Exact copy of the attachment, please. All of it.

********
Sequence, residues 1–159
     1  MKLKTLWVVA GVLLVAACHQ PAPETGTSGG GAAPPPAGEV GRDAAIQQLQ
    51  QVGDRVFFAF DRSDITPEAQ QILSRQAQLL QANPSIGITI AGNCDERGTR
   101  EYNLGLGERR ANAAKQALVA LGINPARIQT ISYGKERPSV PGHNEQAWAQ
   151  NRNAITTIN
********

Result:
Sequence, residues 1–159
     1  MKLKTLWVVA GVLLVAACHQ PAPETGTSGG GAAPPPAGEV GRDAAIQQLQ
    51  QVGDRVFFAF DRSDITPEAQ QILSRQAQLL QANPSIGITI AGNCDERGTR
   101  EYNLGLGERR ANAAKQALVA LGINPARIQT ISYGKERPSV PGHNEQAWAQ
   151  NRNAITTIN